Initial management include palliative measures, but because median survival time without surgery is estimated to be between 1 and 6 weeks [3], this form of therapy needs to be conducted rapidly. Various methods exist and are used depending on the subtype and severity of the malformation. The goal of surgical treatment is to eliminate further contamination of the respiratory system, reestablish food passage and restore adequate nutrition. The two most effective methods have shown to be esophageal bypass and stenting [3]. Bypass is considered to be a more demanding surgical procedure, while stenting is indicated in patients of all age groups [3]. Esophageal exclusion, resection and repair of the fistula, as well as chemotherapy and radiation in the case of malignancy are additional approaches [11]. To minimize gastric reflux and prevent further malnutrition, gastrostomy and jejunostomy may be performed, respectively.


Advances in surgical and postoperative care have significantly improved the outcome of patients with tracheoesophageal fistulas [5], but the prognosis still significantly depends on the underlying cause and precipitating factors that led to its development. Neonates and infants in whom a congenital diagnosis is made have very good recovery rates with early and adequate surgical management, while patients in whom TEF arises due to malignant disease, the prognosis is extremely poor [3]. Median survival rate is only months after surgery, while persistent fistulas have an even worse prognosis [6]. In addition to the predisposing etiology, the promptness of making the diagnosis is also considered as a significant prognostic factor, as respiratory symptoms may significantly impair the quality of life and cause more harm to the patient if TEF is not revealed in its early stages [2].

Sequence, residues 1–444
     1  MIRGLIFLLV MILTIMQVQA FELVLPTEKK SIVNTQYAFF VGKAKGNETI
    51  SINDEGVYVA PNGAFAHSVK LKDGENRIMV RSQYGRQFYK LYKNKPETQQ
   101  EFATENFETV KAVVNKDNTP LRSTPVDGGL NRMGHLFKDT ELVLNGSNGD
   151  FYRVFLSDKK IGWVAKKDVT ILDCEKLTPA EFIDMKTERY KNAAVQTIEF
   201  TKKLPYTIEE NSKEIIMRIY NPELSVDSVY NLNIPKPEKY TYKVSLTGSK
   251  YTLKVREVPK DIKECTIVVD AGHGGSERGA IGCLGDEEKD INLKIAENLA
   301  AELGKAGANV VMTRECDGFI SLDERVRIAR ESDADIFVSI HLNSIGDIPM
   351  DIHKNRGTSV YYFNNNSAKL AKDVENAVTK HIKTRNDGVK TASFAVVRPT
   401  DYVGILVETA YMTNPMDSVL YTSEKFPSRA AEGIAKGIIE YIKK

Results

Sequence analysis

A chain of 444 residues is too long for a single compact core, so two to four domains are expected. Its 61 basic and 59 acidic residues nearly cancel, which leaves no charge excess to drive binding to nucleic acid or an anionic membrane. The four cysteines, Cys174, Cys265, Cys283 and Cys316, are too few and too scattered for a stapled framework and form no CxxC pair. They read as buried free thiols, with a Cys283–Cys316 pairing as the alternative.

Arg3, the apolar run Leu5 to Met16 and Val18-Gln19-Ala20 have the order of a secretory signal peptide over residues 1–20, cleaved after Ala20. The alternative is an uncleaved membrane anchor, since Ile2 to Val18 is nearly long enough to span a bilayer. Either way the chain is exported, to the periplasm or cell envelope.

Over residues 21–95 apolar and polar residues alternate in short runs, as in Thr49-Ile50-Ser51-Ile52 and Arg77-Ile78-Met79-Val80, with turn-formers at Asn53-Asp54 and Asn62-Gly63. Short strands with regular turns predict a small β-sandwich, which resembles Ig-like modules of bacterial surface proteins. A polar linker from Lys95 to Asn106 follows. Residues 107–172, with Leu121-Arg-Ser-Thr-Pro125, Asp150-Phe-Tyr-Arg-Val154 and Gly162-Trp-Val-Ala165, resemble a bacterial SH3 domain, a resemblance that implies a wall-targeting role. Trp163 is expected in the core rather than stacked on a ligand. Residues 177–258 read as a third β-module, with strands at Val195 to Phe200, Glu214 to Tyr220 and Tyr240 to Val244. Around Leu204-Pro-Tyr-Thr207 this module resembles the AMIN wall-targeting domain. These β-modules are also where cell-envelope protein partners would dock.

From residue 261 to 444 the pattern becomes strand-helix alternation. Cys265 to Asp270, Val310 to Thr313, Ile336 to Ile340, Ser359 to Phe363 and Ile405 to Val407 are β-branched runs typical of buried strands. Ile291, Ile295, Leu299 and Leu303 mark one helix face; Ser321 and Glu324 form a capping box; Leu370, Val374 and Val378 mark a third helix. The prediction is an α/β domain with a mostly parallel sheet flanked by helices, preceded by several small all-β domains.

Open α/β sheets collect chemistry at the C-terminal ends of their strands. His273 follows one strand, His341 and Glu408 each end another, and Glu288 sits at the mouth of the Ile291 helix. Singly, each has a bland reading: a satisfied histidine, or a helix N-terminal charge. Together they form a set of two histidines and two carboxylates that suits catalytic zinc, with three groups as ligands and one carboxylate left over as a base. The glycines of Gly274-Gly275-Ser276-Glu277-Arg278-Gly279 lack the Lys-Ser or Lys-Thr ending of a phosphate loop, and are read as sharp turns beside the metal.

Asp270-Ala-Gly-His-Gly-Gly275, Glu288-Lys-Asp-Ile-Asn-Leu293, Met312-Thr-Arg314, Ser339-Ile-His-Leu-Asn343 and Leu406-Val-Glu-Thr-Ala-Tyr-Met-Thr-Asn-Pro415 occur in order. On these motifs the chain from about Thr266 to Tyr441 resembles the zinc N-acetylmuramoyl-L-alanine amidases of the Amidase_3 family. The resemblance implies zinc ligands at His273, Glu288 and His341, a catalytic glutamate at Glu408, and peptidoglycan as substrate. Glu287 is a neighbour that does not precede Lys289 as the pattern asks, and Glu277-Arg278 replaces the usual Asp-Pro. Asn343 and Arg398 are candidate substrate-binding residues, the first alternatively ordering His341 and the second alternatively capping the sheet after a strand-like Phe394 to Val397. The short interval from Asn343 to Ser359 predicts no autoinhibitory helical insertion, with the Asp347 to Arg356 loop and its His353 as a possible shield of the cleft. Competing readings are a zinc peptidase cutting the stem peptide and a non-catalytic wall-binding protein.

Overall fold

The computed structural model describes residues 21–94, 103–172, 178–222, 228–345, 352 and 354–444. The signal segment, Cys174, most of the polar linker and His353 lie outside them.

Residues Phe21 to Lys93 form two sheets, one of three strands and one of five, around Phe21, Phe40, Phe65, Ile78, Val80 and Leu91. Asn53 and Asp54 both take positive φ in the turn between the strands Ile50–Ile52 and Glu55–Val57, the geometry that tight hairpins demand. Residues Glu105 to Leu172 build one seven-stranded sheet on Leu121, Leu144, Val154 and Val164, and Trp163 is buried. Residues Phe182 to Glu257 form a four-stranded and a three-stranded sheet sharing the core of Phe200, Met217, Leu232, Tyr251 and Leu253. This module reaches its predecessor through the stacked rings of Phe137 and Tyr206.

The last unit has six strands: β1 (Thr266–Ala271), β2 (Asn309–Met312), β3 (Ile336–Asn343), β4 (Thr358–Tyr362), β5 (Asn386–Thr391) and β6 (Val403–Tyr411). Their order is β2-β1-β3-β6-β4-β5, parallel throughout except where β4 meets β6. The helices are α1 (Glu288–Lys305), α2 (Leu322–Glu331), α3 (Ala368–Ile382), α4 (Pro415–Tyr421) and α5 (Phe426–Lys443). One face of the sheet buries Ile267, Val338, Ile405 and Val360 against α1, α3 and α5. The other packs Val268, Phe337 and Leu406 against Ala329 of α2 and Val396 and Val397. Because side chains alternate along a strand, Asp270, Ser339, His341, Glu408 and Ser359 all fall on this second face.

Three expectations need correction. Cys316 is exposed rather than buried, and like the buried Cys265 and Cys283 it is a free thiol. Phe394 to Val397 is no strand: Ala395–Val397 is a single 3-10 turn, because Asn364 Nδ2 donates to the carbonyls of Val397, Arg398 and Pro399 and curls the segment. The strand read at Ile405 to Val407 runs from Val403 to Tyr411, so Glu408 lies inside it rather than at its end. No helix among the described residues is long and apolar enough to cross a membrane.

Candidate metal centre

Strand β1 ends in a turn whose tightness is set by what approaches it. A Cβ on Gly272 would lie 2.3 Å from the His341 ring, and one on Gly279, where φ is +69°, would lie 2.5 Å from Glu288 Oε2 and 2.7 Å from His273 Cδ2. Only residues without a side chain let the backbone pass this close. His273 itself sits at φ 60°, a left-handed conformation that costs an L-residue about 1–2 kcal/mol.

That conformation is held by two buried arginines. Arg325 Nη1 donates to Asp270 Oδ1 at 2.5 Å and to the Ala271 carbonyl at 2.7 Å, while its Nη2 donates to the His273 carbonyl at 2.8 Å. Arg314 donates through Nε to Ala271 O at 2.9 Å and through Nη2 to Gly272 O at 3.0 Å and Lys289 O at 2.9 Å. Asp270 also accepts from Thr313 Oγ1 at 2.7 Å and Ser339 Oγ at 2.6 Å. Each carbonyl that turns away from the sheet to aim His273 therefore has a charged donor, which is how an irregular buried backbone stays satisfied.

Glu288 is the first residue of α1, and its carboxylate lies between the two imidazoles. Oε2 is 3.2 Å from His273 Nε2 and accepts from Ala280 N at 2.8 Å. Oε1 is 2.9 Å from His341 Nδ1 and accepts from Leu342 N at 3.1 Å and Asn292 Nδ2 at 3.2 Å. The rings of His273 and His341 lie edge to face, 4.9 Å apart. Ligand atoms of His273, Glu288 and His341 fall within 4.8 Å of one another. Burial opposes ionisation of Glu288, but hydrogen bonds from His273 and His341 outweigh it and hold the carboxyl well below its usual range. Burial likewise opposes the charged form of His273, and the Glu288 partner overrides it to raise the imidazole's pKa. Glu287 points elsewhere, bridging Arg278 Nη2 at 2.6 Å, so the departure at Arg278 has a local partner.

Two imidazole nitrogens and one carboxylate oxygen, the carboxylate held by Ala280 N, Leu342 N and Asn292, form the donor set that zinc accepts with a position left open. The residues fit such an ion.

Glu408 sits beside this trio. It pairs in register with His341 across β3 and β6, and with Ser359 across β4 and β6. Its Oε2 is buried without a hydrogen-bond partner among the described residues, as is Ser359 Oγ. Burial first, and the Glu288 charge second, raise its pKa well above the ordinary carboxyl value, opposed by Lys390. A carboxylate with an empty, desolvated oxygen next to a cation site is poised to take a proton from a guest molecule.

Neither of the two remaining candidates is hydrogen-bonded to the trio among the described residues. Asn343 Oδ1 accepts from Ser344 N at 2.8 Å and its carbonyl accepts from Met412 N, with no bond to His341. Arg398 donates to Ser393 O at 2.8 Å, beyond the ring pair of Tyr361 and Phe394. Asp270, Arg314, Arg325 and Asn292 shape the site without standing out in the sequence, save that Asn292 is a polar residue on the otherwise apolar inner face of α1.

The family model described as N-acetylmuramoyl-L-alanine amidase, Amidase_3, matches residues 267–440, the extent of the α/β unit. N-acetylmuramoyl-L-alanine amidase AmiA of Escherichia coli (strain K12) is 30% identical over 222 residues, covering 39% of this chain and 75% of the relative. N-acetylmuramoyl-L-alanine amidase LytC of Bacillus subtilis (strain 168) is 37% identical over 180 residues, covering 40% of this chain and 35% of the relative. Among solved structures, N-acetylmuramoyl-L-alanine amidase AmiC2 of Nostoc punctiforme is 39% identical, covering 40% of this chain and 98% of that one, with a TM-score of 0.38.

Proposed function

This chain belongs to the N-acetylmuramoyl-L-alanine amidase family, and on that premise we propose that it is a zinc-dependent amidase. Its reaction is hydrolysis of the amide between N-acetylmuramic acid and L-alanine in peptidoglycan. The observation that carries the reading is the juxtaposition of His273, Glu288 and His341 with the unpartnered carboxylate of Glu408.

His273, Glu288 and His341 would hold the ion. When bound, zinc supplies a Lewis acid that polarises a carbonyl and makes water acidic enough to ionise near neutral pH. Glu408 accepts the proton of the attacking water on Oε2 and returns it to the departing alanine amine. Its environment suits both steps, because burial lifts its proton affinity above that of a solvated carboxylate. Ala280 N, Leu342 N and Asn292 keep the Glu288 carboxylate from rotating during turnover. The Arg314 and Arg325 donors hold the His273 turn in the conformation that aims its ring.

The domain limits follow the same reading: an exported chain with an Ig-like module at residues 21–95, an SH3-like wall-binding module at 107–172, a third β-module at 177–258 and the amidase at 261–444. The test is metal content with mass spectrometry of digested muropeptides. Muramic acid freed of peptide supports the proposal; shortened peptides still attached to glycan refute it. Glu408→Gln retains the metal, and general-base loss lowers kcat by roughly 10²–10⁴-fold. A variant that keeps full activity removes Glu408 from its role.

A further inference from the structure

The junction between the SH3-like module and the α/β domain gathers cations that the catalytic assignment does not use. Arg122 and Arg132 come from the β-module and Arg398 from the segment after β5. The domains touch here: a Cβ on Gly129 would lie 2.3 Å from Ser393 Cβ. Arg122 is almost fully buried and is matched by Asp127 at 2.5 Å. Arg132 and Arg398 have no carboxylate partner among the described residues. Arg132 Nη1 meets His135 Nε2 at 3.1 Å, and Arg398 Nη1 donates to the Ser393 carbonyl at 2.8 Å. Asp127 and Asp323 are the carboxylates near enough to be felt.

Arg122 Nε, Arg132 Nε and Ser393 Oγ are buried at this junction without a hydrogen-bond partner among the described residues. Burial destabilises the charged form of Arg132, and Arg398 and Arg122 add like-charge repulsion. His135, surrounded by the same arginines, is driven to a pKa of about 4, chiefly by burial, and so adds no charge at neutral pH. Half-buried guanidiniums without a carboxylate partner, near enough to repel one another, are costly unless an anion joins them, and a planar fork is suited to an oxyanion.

Congenital forms of TEF are almost universally associated with esophageal atresia, a malformation of the esophagus that develops during embryonic life [1]. The exact cause, however remains unknown, but environmental and genetic factors have been listed as potential factors in the pathogenesis [8]. Acquired TEF, on the other hand, is seen in patients suffering from malignant diseases such as esophageal carcinoma and lung cancer, while approximately 1% of patients in whom tracheostomy is performed develop TEF as a result of damage caused by prolonged intubation [4].